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parliament versus people

In a general election campaign, language can get heated. But words matter in shaping people’s perceptions, and can alter the public mood.

One worrying recent development is the move by some senior politicians and campaigners towards adopting a rhetoric of ‘parliament versus people’ in narrating the UK’s Brexit drama.

For months, it has been suggested that Boris Johnson wanted a ‘parliament versus people’ general election.

Now that an election is happening, politicians and journalists should resist that narrative. First because such language is dishonest, and more importantly because it could have dangerous long-term effects.

To be fair on Boris Johnson, he did not single-handedly create this framing of events – his predecessor arguably kicked it off.

Having been defeated twice on her Brexit deal in the House of Commons, Theresa May made an ill-tempered statement from number 10 in which she distanced herself from parliament, pledging to the public that ‘I am on your side’. But this language was mild compared to some recent statements.

After the Supreme Court reversed Johnson’s unlawful prorogation, Attorney General Geoffrey Cox told the Commons it was ‘a dead parliament…[that] has no moral right to sit’. Leader of the House Jacob Rees-Mogg has suggested that, by acting to block a ‘no-deal’ Brexit, ‘parliament sets itself against the people’.

Starting with the dishonesty, in calling for an election Johnson has argued that parliament gave him no choice.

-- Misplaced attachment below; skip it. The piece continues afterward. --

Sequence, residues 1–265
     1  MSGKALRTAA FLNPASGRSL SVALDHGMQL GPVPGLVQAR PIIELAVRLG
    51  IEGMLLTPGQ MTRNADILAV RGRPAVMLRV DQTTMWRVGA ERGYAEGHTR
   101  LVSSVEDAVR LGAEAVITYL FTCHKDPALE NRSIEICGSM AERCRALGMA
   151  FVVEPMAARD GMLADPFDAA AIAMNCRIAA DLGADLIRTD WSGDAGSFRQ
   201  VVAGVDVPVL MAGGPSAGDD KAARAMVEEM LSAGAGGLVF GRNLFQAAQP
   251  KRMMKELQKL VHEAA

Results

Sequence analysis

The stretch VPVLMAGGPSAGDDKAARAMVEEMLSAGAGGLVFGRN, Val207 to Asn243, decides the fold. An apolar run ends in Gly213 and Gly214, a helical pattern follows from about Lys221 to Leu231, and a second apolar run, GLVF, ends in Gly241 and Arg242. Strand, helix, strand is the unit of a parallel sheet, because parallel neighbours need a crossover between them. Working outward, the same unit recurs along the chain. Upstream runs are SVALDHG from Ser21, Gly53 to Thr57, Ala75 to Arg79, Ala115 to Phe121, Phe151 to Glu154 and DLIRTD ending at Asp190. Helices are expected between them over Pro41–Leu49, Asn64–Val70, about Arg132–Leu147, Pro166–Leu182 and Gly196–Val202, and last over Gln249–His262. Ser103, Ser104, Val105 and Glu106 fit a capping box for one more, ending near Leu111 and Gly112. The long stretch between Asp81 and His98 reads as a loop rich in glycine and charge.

In an early campaign video, he stated that ‘it was perfectly obvious… that this parliament is not going to vote Brexit through. There are too many [MPs] who… want to frustrate it’.

But there are two reasons why such claims are disingenuous.

First, MPs approved the second reading of the European Union (Withdrawal Agreement) Bill to implement Johnson’s Brexit deal: that is, they agreed it in principle, and supported proceeding to detailed scrutiny.

Such a bill – at 115 pages, and full of important detail with major consequences – would normally be scrutinised over weeks or months.

Theresa May’s 62-page European Union (Withdrawal) Bill had 36 days’ parliamentary scrutiny in total, starting with 12 days in the Commons.

While Johnson’s bill clearly needed to move quickly, external experts judged the government’s proposed three days of Commons scrutiny to be grossly inadequate. MPs’ rejection of its ‘programme motion’ was hence reasonable – the government simply needed to offer additional time.

Instead, Johnson demanded an election (as he had done on two previous occasions in September).